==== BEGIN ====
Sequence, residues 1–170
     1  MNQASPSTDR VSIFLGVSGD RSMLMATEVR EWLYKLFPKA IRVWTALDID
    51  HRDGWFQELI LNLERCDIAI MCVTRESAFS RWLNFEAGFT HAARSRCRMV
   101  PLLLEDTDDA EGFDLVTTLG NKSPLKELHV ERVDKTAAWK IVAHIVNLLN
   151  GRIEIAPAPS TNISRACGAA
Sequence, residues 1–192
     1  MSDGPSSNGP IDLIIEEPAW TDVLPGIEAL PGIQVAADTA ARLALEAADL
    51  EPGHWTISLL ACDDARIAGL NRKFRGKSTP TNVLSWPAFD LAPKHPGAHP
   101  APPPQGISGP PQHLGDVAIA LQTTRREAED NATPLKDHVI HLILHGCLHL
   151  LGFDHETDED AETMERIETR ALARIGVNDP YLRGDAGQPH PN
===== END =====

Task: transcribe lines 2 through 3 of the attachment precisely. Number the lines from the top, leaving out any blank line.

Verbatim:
     1  MNQASPSTDR VSIFLGVSGD RSMLMATEVR EWLYKLFPKA IRVWTALDID
    51  HRDGWFQELI LNLERCDIAI MCVTRESAFS RWLNFEAGFT HAARSRCRMV